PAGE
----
Prattville – When City of Prattville Webmaster Teresa Lee attended the National Association of Government Webmasters conference in Galveston, Texas last September she was introduced to several cutting-edge technologies, one of which (ReadSpeaker) piqued her interest.
“I spent more time with the ReadSpeaker folks (Voice Corp) than anyone else because I could just see that it was an amazing product. They were so proud to demo it,” Lee said. “So I took their card and gave them all of my information because they told me they could do a demo page for me once we all got back home.”
Voice Corp (www.voice-corp.com), a web technology company formed in Sweden in 1999, was co-founded by Fredrik Larson, a blind math major, who worked with screen reading software. ReadSpeaker is Voice Corp’s main product.
ReadSpeaker is a speech-enabling tool that reads text on a website aloud to the readership. The main purpose of the product is to make websites more accessible by offering an extra layer of assistance to dyslexic, low vision, foreign-born and poor readers.
“Our product helps to close the so-called ‘Digital Divide’, the gap between those that are able to use computers/internet and those that are not,” said Joop Heijenrath, CCO and co-founder of Voice Corp. “The Internet can become the big ‘equalizer’ if we do it right: equal access to public information for all people. However, due to reading difficulties, many people do not have the access.”
“ReadSpeaker is a tool that helps to make the information more accessible.”
Currently there are more than 5,000 websites utilizing this innovative technology. A short list of the more prominent users: The City Of San Francisco, Nestle, New York Life and Siemens.
“Of the overall customer base, the largest segment is municipalities, which make up roughly 25% of our client list,” Heijenrath said.
A few days after Lee returned home from the conference she received an email from Voice Corp stating they had created the demo page and asked her to review it at her leisure.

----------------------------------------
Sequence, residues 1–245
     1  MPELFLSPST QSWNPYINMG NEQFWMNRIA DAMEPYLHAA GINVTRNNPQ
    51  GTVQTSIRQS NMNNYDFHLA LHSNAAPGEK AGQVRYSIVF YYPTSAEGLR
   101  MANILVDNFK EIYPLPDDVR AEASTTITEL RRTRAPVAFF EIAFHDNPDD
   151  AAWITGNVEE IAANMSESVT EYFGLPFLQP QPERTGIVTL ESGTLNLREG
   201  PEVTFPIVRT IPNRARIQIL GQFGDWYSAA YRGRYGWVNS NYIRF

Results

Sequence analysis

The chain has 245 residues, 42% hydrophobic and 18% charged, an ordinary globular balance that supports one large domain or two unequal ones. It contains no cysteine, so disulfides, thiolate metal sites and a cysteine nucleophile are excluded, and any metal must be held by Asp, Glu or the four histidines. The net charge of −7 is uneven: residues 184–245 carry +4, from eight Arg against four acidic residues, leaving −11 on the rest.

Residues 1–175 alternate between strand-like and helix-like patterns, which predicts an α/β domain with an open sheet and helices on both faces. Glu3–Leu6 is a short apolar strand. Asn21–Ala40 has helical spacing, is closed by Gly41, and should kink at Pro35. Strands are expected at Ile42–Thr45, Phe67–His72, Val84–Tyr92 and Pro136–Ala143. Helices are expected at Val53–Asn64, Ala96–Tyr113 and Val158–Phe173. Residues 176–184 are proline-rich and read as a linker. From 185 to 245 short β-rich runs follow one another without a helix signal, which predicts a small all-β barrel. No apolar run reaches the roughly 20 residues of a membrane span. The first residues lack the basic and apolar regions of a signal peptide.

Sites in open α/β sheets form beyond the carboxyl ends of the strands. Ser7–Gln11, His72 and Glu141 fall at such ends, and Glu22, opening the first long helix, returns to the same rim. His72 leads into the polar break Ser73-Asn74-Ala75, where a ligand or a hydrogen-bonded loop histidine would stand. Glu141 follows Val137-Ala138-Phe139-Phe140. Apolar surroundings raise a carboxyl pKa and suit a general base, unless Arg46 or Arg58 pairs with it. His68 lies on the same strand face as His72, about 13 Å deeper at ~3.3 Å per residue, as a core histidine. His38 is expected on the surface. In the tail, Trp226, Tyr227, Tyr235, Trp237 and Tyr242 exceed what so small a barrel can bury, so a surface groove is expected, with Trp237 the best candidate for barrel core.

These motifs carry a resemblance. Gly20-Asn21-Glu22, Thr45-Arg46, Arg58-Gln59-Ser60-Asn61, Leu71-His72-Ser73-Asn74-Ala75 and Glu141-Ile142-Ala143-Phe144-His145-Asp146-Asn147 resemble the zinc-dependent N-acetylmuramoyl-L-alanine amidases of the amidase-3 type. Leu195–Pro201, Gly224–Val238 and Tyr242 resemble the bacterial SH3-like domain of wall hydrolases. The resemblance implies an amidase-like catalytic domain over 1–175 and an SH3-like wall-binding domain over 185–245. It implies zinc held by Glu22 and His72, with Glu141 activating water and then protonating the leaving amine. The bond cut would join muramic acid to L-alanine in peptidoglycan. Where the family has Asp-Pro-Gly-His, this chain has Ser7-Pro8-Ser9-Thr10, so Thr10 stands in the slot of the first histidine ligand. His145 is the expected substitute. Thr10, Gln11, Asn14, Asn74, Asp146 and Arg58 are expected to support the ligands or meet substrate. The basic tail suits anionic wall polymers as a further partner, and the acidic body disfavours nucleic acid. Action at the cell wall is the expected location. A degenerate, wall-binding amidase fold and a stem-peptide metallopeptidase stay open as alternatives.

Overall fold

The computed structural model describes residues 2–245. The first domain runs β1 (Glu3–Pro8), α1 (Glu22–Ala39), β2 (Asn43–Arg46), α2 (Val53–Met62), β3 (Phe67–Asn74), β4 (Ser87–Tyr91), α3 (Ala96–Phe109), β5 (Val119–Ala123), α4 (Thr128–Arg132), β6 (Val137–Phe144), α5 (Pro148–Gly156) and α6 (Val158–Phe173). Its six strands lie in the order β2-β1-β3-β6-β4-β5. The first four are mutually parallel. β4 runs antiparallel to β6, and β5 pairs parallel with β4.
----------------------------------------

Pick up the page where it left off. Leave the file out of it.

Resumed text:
“So I did the demo and loved it,” said the City webmaster. “I went over and talked to the mayor about it and showed it to him and he told me to see what I could figure out and I just went from there.”
Lee – a native of Richmond, Virginia, with nearly six years experience as the City’s first webmaster – had already formulated several reasons to employ Voice Corp’s ReadSpeaker product into Prattville’s newly reformed municipal website, www.prattvilleal.gov.
“It was obvious to me that there was a need for something on our site to help with accessibility,” Lee explained. “You first think of vision impaired folks – they already have a reader. It’s the people who can’t read very well or have a learning disability like dyslexia … or maybe English is not their first language that I thought this product could help.”
The implementation process was fairly straightforward and relatively quick according to Lee, and only a few adjustments were necessary to get things up and running as expected.
“Tweaks and all, it took about a week and a half to employ ReadSpeaker,” said Lee. “It didn’t know how to read Prattvilleal.gov in an email address because of the @ sign, mispronounced the mayor’s name … little things like that. I thought it would have trouble with Autauga, but no, I didn’t have to adjust that. So it’s really very intuitive.”
Lee was surprised by the sheer speed in which ReadSpeaker operates.
“It’s really amazing how it works because there is traffic back and forth between us and it’s instantaneous,” Lee said. “You would think if it was parsing it in real time that there would be a little bit of a delay. And there’s not. The mayor was real funny because he was like, if you put up this press release right now can I hear it or do I have to wait? I said, ‘no … watch.’ He hit the button. It’s just amazing.”
The cost to the City of Prattville for utilizing ReadSpeaker is $1,600 a year.
“For providing this service to all of the different groups of people that it can help, I think the price is pretty minimal,” Lee said.
With web technology innovators like Voice Corp and municipal webmasters who display the forward thinking of Teresa Lee, the web is indeed becoming a better place.
Article by Marc Parker
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